Two new albums have burrowed their way into my soul as we head into the fall of 2015 - so good! Would like to grab you, make you listen to 'em... but since that would be kind of weird, I'll tell you about them instead.
One exceeds expectations and the other is a pleasant surprise.
Had some high hopes for the new Blitzen Trapper album All Across This Land - can happily say it's great - a timeless masterpiece. No lie.
And Cambridge, Massachusetts based Darlingside's new release Birds Say is the unexpected pleasure - though I knew of the band, I hadn't heard their music before this album. The stunning harmonies from this four piece shine here - their vocal alchemy is powerful stuff.
Let's start with Blitzen Trapper - been playing the title track on the radio. Heard an album stream early, too. But it's one thing to hear it on your computer and at work... and another thing entirely to drive along with it blasting on your car stereo. And this is one you really should blast on your car stereo - great driving album! Took it out for a "test drive" when I finally got the CD.
It is a real trick to release an album that's timeless enough to sound like it could have come out in the 1970's yet doesn't sound dated today. Blitzen Trapper have managed that with All Across This Land. They've even divided the songs into "Side One" and "Side Two" - and to me they sound like two sides, with slightly different personalities: side one the public, side two the personal.
Side one opens with the fresh-air blast of the title cut, a call to action, to hit the road or take off on some more musical journey. That's followed by four more tightly written straight-ahead rootsy rockers: the classic stage call out "Rock and Roll (Was Made For You)", the autobiographical sounding "Mystery and Wonder" with the narrator and his muse given the names of the title's abstracts, "Love Grow Cold" drawing subjects back to the somewhat personal before the "side" wraps up with "Lonesome Angel", where a musician on the road sings to his love at home a sweet, intimate country-rock love song.
Side two feels a little less universal in tone, more specific and concrete. Maybe it's the geography - Oregon shows up in the first track, "Nights Were Made for Love", and the "Cadillac Road" of the next sounds as real as the story it tells as it unfolds - if fictional, it echoes many folks' realities. "Let The Cards Fall" and "Even If You Don't" return us to more traditional themes before our narrator takes a dive into the water between this life and the next, visiting his father, in the beautiful closing ballad "Across The River".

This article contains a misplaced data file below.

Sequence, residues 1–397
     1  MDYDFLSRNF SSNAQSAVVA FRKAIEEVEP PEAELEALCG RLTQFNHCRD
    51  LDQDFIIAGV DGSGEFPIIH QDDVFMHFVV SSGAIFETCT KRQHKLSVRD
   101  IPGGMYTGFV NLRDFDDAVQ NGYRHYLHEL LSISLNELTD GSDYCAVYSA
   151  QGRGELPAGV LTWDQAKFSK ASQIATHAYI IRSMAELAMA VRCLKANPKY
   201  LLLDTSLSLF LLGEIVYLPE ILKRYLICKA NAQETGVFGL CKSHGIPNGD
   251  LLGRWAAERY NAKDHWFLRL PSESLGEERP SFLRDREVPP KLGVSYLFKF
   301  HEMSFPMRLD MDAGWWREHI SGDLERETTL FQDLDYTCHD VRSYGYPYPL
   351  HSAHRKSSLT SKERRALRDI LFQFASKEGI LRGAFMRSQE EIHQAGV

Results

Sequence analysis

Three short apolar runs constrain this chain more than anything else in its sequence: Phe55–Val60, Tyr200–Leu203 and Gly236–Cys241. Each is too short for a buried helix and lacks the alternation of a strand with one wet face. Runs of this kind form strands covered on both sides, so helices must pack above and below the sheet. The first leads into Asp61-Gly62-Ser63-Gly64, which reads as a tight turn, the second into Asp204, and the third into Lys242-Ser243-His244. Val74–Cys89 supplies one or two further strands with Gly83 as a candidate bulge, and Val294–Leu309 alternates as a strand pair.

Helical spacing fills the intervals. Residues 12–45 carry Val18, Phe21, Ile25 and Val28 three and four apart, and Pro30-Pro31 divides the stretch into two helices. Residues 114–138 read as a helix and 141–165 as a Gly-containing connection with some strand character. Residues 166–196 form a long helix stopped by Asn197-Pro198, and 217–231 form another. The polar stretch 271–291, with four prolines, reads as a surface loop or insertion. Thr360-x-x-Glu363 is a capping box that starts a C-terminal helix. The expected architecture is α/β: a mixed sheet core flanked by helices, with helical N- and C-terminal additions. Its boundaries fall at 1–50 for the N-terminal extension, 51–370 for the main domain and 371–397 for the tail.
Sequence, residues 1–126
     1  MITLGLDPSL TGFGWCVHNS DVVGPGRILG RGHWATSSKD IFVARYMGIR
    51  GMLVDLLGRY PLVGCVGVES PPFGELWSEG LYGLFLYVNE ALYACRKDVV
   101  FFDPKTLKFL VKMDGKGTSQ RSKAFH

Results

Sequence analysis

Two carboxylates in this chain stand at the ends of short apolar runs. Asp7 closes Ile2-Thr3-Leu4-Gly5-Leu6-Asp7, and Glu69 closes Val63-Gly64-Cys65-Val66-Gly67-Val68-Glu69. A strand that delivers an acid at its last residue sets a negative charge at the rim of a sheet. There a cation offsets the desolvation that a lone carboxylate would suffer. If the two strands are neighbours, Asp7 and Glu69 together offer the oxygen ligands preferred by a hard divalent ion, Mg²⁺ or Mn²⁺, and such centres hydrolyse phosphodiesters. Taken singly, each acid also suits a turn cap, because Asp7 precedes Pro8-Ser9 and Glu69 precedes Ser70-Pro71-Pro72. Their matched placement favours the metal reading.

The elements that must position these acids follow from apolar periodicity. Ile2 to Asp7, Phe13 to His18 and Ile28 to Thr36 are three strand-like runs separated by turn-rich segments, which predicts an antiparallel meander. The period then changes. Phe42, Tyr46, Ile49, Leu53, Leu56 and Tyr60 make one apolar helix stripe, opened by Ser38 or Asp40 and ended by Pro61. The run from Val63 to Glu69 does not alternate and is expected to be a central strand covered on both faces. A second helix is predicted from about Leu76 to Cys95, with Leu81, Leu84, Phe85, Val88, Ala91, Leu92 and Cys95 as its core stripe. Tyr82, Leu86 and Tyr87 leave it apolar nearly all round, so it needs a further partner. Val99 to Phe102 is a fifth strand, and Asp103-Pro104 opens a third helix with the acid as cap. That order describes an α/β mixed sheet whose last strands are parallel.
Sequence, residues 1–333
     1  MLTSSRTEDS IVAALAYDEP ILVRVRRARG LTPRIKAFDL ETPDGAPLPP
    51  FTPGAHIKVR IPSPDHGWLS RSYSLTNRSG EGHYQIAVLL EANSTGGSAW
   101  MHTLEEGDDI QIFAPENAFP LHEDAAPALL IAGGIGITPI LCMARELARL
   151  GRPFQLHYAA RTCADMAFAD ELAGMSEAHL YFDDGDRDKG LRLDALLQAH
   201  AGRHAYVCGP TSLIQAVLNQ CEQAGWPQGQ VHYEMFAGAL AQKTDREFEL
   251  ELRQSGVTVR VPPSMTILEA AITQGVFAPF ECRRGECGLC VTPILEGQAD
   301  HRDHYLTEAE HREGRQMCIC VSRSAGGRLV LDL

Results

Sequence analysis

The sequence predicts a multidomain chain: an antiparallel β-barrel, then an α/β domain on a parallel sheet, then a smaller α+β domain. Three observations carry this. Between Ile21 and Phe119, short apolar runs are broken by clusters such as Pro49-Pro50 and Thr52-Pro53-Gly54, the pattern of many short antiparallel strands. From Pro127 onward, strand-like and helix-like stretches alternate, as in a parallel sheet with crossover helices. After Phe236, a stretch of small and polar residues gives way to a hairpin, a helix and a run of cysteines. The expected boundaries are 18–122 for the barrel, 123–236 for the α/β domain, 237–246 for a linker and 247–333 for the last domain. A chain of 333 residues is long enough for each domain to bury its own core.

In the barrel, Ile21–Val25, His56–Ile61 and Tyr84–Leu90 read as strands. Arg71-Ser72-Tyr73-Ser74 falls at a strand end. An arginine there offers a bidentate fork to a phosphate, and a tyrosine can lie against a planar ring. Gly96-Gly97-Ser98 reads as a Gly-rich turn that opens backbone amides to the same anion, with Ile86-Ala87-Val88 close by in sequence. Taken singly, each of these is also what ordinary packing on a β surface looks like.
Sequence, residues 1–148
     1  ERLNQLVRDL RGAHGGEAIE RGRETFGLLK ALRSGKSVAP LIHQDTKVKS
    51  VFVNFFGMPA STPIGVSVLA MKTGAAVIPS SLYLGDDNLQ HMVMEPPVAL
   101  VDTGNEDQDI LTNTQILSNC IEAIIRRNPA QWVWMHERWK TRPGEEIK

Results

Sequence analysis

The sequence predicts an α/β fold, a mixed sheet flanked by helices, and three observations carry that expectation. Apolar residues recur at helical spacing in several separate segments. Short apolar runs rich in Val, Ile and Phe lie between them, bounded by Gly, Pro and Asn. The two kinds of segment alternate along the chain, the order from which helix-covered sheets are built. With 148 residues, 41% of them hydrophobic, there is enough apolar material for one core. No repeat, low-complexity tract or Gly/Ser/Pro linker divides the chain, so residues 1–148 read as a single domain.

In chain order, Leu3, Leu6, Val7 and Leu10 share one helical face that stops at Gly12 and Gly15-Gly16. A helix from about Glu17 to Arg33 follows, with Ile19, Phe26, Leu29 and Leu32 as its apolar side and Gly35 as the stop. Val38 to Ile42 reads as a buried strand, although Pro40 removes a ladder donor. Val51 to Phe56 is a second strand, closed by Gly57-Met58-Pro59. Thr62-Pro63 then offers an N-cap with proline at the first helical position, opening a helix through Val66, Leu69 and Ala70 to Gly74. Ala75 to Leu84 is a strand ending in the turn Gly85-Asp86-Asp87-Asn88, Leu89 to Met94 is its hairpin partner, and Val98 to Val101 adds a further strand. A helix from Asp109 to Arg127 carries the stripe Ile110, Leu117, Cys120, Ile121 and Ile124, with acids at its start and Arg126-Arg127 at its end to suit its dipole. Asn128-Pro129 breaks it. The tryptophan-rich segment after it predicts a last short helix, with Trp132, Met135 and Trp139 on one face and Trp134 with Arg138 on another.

All Across This Land is a crisp, fresh new entry in the annals of the Great American Rock Tradition, building on the foundations of those who came before, everyone from Bob Dylan, Neil Young, Bruce Springsteen, Tom Petty and Graham Parsons, to John Mellencamp, Joe Walsh, The Eagles, Jackson Browne and more. Instead of worrying about sounding like anyone, they borrow a bit from everyone and serve up a sound both traditional and new, and entirely their own - pure Blitzen Trapper!
Darlingside also manage to make the traditional sound new. This new version of the band, which has been around for a few years, is a four piece with a greater focus on stripped down instrumentation and vocal harmonies, a more traditional folk-style approach. But the harmony "voice" they've created singing in unison transcends genre labels the way Crosby Stills and Nash did, the way Fleet Foxes did. And it's real - they played live in the studio at the radio station (link is below) - they're powerful performers very conscious of their dynamic and their unified sound.
As a jaded ol' radio Music Director, you wouldn't think I'd be susceptible to it, but the song "Do You Ever Live?" actually moved me, drew a tear to my eyes when listening to lyrics and the harmonies soar in the middle of the song - right song, right time on a few levels. Other favorites include "Go Back" - the lead track at radio; "The Ancestor" which opens up the album and "White Horses" which follows; "The God of Loss" which they played live in the studio; "Good For You" feels like a hidden gem, tucked in as it is at album's end.
"Harrison Ford" shows off the band's virtuosity and clever side - maybe a little too clever, but they get away with it here. My only complaint might be that it feels a little short. A few songs here fall on the short side - "Water Rose" for example is very brief, just a lush sketch, really. In fairness, it's almost more an intro to "Do You..." than a stand-alone piece. But even the longer tunes feel a little short in a good way; sign of a classic - when immersed in the sounds, you never want the songs to end.
If you're looking for real music, the good stuff, get these two albums, Blitzen Trapper All Across This Land and Darlingside Birds Say. My musical experience this year has been narrow and deep, getting into just a few albums, but getting into those releases all the way through. These two now make the cut. Maybe I shouldn't gush about these albums like this? I mean - I've met these guys, both bands. Blitzen Trapper and I follow each other on Twitter. I've exchanged emails with Darlingside. May be a bit embarrassing to be so enthused?
Nah. This is what I do. Tell you what's good, so you can get it.
BONUS: Here's Darlingside live with me in The Point Studios: